National Immigration Law Center
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Concerns over E-Verify

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FOR IMMEDIATE RELEASE
July 19, 2013

CONTACT
Adela de la Torre, 213-400-7822, delatorre@nilc.org


E-Verify: Still Too Costly for Workers


WASHINGTON —U.S. Citizenship and Immigration Services (USCIS) today released a new study about the workability of its voluntary E-Verify program, an Internet-based system that checks whether new employees are eligible to be employed in the U.S. The study, which was conducted by the Westat Corporation, shows that the program has improved since the last time it was studied, but that there continue to be significant reasons to be concerned about its reliability and effect on U.S. workers.

For example, the report shows that employers who fail to follow the program’s rules are a significant cause of workers receiving final notices from E-Verify that they are not authorized to work. The employers either do not inform workers of initial warnings that they may not be authorized to work, or of notices that they need to contact the Social Security Administration to clear up possible mistakes or discrepancies. Moreover, a lack of proper monitoring of employers’ compliance with the program’s rules leaves no incentive for them to follow the rules. When employers using E-Verify fail to follow the program’s rules, citizens and employment-authorized workers suffer.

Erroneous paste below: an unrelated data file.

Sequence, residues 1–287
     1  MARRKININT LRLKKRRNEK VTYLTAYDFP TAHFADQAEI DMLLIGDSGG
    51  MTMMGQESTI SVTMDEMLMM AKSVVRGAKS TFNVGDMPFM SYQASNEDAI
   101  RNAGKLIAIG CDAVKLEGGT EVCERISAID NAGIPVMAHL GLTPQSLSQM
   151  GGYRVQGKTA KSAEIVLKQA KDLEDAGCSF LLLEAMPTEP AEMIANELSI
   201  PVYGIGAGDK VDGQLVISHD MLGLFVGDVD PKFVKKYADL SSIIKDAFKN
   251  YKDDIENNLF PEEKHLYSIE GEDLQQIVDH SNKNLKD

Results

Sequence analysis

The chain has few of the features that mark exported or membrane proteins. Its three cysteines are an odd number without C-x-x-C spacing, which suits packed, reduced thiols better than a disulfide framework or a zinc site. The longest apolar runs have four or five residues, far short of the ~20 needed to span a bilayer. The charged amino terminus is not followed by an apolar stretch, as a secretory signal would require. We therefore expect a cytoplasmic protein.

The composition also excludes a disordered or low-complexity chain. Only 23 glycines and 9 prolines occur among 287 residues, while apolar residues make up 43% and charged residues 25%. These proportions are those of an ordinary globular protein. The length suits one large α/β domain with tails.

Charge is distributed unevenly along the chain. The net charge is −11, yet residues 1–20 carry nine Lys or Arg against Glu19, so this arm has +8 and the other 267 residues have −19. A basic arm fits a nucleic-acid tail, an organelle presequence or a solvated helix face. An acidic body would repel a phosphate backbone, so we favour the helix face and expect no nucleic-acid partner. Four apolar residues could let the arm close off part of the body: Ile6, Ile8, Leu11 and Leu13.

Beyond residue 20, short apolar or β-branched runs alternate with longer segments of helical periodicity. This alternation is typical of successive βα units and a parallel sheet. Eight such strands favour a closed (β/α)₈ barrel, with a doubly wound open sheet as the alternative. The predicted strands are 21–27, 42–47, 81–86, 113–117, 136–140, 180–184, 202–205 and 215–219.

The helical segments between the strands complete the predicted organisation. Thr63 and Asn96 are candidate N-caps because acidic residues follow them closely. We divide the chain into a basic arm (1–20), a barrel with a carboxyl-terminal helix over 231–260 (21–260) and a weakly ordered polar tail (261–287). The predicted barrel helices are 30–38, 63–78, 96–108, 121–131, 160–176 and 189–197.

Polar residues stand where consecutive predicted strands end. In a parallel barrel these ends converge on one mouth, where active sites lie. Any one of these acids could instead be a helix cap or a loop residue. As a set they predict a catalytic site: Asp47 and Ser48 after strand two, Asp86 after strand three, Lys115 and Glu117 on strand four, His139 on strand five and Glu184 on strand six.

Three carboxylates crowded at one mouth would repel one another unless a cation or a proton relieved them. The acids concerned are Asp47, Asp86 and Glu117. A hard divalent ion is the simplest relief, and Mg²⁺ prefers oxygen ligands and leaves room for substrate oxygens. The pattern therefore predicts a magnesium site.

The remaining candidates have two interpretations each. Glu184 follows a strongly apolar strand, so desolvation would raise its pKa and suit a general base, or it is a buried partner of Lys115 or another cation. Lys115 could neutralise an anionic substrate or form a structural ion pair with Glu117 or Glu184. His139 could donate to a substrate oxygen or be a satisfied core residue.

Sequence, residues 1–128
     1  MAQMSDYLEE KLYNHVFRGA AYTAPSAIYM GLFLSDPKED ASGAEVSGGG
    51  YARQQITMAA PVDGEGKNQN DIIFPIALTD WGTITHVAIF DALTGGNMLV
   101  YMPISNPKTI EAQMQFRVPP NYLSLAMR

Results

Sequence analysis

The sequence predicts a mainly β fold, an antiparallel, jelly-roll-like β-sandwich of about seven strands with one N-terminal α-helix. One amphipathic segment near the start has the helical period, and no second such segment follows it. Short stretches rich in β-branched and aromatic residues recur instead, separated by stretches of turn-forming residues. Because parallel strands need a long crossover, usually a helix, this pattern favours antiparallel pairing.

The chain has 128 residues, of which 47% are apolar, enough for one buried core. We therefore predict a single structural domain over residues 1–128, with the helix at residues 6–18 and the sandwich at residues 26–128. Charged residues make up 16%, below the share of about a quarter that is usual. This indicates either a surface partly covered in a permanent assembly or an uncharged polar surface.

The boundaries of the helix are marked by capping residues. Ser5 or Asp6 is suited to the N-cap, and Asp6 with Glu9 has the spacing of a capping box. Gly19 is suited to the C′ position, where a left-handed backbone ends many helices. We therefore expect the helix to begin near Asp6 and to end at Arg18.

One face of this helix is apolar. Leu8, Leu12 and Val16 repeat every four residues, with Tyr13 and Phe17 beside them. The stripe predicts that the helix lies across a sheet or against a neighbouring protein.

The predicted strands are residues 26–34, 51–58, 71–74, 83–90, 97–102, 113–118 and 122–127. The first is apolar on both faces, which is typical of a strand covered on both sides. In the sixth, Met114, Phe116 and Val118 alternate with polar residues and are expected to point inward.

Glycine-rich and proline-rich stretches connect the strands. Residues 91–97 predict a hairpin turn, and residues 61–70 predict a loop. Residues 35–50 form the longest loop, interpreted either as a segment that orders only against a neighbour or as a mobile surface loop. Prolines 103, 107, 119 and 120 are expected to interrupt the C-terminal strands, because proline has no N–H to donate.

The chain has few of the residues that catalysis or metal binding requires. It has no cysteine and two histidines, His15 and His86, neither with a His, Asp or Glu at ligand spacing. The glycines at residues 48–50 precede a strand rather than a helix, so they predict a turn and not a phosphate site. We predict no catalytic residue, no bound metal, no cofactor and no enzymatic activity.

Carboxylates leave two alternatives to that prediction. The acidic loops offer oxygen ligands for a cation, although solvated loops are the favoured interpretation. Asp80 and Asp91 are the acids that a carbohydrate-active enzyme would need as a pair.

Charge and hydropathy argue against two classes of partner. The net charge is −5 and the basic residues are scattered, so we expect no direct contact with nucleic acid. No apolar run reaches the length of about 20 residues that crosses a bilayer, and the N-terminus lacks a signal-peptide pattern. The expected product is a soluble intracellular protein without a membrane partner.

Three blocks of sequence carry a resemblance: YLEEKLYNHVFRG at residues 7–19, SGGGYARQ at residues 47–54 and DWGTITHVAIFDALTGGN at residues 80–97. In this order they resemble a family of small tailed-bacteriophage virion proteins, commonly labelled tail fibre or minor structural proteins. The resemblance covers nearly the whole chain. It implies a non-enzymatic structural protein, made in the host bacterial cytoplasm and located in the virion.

“The shortcomings of the program, which relies on information stored in government databases, are significant. No one should lose a job because of a computer error,” said Marielena Hincapié, executive director of the National Immigration Law Center.

“As the immigration reform debate moves forward with proposals to require all employers in the U.S. to use E-Verify, we will continue to press for a system that has due process protections so that workers can correct their records without losing wages, or worse, their jobs,” Hincapié added.

In testimony before Congress, NILC has shown how E-Verify would cause jobs losses for U.S. citizens and work-authorized immigrants if its use is made mandatory without the program also incorporating new, significant due process and worker protections. Although USCIS should be commended for improving the program’s accuracy, without commonsense immigration reform and strong due process and worker protections in place, mandatory E-Verify will remain problematic.

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